The storyteller visits our school several times to present stories and workshops. Her first visit is as a special guest at the narrative festival

Storyteller Rachel

Storyteller Rachael

where students are sharing their stories to each other and parents. She presents her own narrative and this introduces her to the students. Her first workshop follows during the Immerse Phase. During Immerse the students are continuing to swirl around stories but it is expanding beyond narrative to folktales and stories from the variety of cultures represented in the class. Students begin collecting stories from their own cultural backgrounds. These stories may be gathered from interviews with their parents, by exploring folktales from around the world using print and digital resources in the library.

The storyteller is invited back to do a storytelling workshop. Her storytelling selection will draw from one of the cultures represented in the classroom.

Whatever her selection, she provides a written copy to the classroom teacher. This is important because the students are just learning English. By having the story in advance the ELL teacher can introduce vocabulary words from the story to the students to build some basic understanding of the stories that will be presented. During the storyteller’s visit she engages the students in theatre and story games that require few if any words to help break down inhibitions and build confidence and trust.

She presents the prepared stories and introduces storyboarding.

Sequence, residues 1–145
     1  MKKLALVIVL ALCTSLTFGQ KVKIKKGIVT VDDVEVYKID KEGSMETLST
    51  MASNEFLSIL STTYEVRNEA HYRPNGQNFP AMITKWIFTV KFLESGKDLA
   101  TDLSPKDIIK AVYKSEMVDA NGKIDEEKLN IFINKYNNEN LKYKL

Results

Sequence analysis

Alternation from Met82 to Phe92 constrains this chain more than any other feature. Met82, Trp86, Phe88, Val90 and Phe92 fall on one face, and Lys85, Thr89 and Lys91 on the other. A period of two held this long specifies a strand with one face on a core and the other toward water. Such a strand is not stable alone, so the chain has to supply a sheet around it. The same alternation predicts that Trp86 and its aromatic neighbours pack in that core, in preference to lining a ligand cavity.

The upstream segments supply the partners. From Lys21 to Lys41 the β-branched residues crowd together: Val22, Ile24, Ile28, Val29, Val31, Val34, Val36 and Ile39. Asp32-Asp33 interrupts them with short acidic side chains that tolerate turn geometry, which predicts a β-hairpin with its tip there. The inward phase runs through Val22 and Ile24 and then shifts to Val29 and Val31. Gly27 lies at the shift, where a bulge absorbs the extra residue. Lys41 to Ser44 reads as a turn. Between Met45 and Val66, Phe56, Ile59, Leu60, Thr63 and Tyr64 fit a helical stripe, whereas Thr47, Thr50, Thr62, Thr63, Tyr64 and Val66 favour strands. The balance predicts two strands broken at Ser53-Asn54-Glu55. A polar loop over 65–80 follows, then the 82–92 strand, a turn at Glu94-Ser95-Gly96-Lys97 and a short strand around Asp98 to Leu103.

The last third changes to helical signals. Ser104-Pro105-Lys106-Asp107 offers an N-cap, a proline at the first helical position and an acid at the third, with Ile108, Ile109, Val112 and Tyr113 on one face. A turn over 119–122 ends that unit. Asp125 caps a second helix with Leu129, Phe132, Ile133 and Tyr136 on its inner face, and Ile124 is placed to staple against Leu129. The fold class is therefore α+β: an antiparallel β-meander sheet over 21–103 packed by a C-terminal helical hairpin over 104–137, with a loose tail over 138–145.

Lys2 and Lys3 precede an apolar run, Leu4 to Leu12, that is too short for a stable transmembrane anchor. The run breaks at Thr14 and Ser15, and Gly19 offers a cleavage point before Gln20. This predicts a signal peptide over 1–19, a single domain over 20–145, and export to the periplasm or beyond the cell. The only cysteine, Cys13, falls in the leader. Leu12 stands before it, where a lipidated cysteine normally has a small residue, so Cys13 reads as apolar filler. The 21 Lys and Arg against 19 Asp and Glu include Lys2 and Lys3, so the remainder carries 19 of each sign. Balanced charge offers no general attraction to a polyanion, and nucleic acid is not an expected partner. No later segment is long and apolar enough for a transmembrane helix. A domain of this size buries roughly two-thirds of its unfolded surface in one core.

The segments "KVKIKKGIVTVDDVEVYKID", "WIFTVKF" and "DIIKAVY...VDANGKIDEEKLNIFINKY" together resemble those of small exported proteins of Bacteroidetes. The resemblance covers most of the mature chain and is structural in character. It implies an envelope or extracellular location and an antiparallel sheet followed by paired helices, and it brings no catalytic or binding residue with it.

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Moving into the Explore Phase students have been Immersed in culture through stories, now they begin to explore the countries from which these stories originate. Resources like our Culturegrams database and country books etc. are explored.

Students are paired with someone from a different culture and with guidance from the ELL teacher formulate interesting interview questions of their partners about things they have discovered in the resources and from drawing on the background of narrative and culture discovered from the folktales.

It is from the interviews and exploration of the resources that the students start to discover the question(s) they want to really focus on that comes in the Identify Phase.

As you look at the way Guided Inquiry Design is laid out you can begin to see how VERY important the Opening, Immerse and Explore phases are to helping student questions drive the learning. As the librarian and content teacher we could easily have given the students a list of countries for them to research. We could have given our students a rubric of what we wanted the research outcomes to be. But in Guided Inquiry we have brought them to the research component of learning about a different country through the idea of how culture shapes identity, how everyone has a story, and how do those stories teach us about each other and the world around us.

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A quick word about the Gather, Create, and Share Phases because in my final post this week I want to bring it around to reflecting on the process. And bring to you a variety of voices involved in the process.

Gather: many mini-lessons are taught about plagiarism, copyright, citation, notetaking, etc. We use many tools that include: Noodletools, Google Docs, Inquiry Journals (digitally to provide zones of intervention)

Create: Google Sites are used to create a portal that is a presentation for student learning, that may include video-casting, oral storytelling (that is video taped and posted), etc. Students have choice in how they will communicate their learning. We use the Google Site as a portal for that creation. It is important with this group of students that we are able to track their writing, speaking and listening skills and this portal allows us the ability to capture these different modalities.